On 17 March 2018, the world felt naked thanks to social media giant Facebook. It was confirmed that 87 million users’ personal information had been shared through an app developed by British consulting firm Cambridge Analytica.
Should my child’s photos be displayed on Facebook—even if I were to amp up my privacy settings? Before Elliott, my son, was born, I was adamant that all online footprints of him would be non-existent, or at most, kept to a minimum. I knew anything I posted on the internet featuring Elliott would stay there forever, and I didn’t want him living with images he never had the opportunity to approve.
American President Joe Biden was obviously upset with Meta when, in mid 2021, he accused it of “killing people” for its seeming tolerance of so much Covid-19 misinformation. He backed down a little by clarifying that he wasn’t blaming Facebook itself, but the “bad information” they allowed on the site. Other have argued we live in a post-truth world.
In an interview published by Inc.com, 24-year-old Romanian Ovidiu Dobrota, from Oradea, Romania, boasted that his fake news site Ending The Fed had a substantial impact in supporting Donald Trump in the presidential elections. According to a Buzzfeed analysis, his boasting is well-founded.
The generation born with the tablet and the smartphone in its arms, but which ends up being exploited by big data cultivators and controlled by radicalization and polarization, can become the generation that implements anti-democratic movements.
What is left of me after I shut down my computer, turn off my phone, or wipe away my makeup? What about after I quit my job, after I move, after I lose my health, after I get older? What if no one knew me—would I still be someone?
“Influencers pay double.” With this message, Joe Nichhi, the owner of a small ice cream business, tried to deter self-proclaimed celebrities who would ask him to give them free ice cream in exchange for “exposure” on their social media platforms. But he succeeded more than that. Nicchi has become an international symbol of disgust with “insta-begging.”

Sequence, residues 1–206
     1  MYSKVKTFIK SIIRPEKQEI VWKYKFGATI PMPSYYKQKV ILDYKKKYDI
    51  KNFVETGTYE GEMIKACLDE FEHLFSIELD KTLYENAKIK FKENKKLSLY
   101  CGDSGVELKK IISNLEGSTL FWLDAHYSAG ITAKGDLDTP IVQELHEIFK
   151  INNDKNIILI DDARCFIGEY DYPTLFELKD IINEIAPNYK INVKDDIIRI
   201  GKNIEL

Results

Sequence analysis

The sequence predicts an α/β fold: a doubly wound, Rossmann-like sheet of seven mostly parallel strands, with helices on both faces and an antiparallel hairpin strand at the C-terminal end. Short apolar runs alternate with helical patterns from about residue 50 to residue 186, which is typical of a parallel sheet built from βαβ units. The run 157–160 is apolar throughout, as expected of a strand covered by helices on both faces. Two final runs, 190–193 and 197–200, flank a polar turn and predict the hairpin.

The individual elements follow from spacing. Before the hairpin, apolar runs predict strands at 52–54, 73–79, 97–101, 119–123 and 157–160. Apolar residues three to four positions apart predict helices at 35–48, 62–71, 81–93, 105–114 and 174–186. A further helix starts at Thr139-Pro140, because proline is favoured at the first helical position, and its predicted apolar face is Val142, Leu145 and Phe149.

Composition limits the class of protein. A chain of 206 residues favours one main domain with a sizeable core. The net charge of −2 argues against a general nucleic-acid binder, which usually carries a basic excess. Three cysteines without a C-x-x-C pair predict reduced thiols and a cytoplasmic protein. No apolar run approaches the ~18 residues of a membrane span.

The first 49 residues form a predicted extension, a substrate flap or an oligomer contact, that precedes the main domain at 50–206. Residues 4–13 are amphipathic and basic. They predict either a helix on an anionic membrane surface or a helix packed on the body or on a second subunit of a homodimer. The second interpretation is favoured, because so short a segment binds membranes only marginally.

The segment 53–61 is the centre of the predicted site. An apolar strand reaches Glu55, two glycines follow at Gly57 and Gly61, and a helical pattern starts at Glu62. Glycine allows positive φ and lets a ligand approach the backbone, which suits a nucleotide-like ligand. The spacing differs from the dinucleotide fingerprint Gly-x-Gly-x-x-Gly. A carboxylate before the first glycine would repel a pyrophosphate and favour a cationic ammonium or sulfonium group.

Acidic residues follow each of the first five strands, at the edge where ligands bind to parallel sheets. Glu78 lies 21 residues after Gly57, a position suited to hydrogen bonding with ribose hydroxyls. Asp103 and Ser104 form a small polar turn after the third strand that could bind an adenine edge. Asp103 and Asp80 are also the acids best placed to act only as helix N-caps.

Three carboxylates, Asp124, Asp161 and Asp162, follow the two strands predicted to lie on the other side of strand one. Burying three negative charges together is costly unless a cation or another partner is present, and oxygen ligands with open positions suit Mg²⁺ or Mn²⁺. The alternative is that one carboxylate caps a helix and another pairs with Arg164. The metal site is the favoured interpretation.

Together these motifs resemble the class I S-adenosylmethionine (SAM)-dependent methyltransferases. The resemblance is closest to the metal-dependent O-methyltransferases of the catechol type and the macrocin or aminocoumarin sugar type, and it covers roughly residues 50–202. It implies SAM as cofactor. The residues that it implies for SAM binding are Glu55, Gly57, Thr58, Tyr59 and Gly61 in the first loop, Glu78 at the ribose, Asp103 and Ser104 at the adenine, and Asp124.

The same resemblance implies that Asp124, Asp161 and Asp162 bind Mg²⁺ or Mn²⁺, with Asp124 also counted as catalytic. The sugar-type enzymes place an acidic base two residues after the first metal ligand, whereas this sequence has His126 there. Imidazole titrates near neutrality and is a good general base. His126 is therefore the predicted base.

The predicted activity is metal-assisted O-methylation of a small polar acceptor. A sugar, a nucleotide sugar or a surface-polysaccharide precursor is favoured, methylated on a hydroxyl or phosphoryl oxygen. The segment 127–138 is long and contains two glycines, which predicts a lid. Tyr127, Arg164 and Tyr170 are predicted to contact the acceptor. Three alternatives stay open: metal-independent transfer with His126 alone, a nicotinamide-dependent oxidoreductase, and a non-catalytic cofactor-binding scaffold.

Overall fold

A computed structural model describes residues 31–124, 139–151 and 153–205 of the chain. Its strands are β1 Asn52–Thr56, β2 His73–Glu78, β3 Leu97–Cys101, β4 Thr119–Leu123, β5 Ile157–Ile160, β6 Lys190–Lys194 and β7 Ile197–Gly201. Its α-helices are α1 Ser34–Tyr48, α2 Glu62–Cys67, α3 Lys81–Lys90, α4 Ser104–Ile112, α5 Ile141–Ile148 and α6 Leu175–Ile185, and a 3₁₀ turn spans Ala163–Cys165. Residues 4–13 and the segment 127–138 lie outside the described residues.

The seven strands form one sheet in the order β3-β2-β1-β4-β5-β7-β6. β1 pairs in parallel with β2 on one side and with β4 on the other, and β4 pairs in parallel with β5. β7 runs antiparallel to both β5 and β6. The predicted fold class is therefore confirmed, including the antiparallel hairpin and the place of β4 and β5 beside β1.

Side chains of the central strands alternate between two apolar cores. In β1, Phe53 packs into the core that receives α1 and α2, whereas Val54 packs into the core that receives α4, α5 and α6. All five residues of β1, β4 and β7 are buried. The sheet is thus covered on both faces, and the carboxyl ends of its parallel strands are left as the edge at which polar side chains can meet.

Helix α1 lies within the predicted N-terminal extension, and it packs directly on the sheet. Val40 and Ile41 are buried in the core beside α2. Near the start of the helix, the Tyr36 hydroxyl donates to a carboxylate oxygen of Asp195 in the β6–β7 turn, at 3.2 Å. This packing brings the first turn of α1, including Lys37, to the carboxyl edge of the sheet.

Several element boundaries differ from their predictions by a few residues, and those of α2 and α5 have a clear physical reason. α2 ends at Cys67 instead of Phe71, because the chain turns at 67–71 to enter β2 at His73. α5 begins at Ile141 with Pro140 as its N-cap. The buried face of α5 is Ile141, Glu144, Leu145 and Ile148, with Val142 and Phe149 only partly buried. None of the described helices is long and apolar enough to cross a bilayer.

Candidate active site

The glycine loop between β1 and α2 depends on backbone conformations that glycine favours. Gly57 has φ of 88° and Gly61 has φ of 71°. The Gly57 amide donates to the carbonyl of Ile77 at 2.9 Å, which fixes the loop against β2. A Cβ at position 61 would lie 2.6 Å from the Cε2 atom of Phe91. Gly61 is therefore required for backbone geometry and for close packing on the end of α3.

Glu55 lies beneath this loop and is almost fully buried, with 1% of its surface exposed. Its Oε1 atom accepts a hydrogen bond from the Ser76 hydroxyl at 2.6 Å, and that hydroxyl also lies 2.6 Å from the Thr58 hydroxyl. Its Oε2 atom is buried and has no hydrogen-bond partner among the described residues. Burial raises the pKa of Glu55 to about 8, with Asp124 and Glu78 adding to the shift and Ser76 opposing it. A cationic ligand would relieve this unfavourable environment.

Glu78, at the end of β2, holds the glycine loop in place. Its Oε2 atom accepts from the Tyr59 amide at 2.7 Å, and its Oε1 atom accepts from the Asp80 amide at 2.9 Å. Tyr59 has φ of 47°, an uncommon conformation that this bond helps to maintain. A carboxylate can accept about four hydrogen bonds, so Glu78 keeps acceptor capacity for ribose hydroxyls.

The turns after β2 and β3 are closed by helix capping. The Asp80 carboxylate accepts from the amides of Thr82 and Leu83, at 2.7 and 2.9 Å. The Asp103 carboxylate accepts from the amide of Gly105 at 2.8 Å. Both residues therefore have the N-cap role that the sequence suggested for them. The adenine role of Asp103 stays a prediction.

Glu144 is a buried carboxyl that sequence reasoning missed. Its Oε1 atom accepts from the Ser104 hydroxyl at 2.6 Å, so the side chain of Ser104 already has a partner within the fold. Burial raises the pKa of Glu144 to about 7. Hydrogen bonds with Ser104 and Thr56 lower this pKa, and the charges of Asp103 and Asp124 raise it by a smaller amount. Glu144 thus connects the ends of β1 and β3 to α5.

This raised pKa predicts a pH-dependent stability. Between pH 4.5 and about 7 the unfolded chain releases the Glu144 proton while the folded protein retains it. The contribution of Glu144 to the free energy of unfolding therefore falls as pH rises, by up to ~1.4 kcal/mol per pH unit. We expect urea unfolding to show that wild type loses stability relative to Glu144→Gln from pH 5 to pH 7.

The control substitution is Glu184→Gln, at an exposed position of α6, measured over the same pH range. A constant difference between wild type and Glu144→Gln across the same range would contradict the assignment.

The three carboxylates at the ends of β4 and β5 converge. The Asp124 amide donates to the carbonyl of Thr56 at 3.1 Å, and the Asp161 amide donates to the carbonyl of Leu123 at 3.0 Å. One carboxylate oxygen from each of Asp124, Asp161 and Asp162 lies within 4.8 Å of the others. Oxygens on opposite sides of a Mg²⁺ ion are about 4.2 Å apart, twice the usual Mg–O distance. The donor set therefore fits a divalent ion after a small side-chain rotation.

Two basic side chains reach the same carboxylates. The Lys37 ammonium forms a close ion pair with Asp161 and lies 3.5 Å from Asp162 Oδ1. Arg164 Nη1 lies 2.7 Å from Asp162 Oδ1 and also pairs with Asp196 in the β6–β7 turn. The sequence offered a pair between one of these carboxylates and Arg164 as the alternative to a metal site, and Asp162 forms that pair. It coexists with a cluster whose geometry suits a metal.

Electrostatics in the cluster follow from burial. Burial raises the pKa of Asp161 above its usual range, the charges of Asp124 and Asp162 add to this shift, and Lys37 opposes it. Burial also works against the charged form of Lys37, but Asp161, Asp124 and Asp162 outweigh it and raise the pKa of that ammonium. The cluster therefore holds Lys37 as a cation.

Social interactions and the tools that facilitate them are changing the world in ways that even now, after all this time, we cannot anticipate.
An argument with people who seem deaf to opposing views, instigating conflict, tribe against tribe, is probably a common experience for social media users. Some believe that it is so common that it should be the subject of a new field of research‒erisology, named after Eris, the goddess of discord in Greek mythology.
Facebook is dead! Long live Metaverse! So proclaimed Facebook CEO Mark Zuckerberg to thousands of followers who tuned in to a livestream last Friday announcing the company’s rebrand.
After I published the analysis regarding the mirage of cryptocurrencies, I received an irresistible invitation: an IT consultant offered to give me a demonstration, in front of the laptop, of the connection between cryptocurrencies and the black market. The exercise turned into a three-hour discussion on cybersecurity and ended with unexpected conclusions about identity theft for political purposes.
Big tech companies are slowly gaining more control over our lives, leading some to call them “Digital Lords”. But how do they stack up against the actual Lord?
The American Economic Review recently published the results of the largest randomized study ever conducted to measure the impact on the quality of life that deactivation ones Facebook account might have.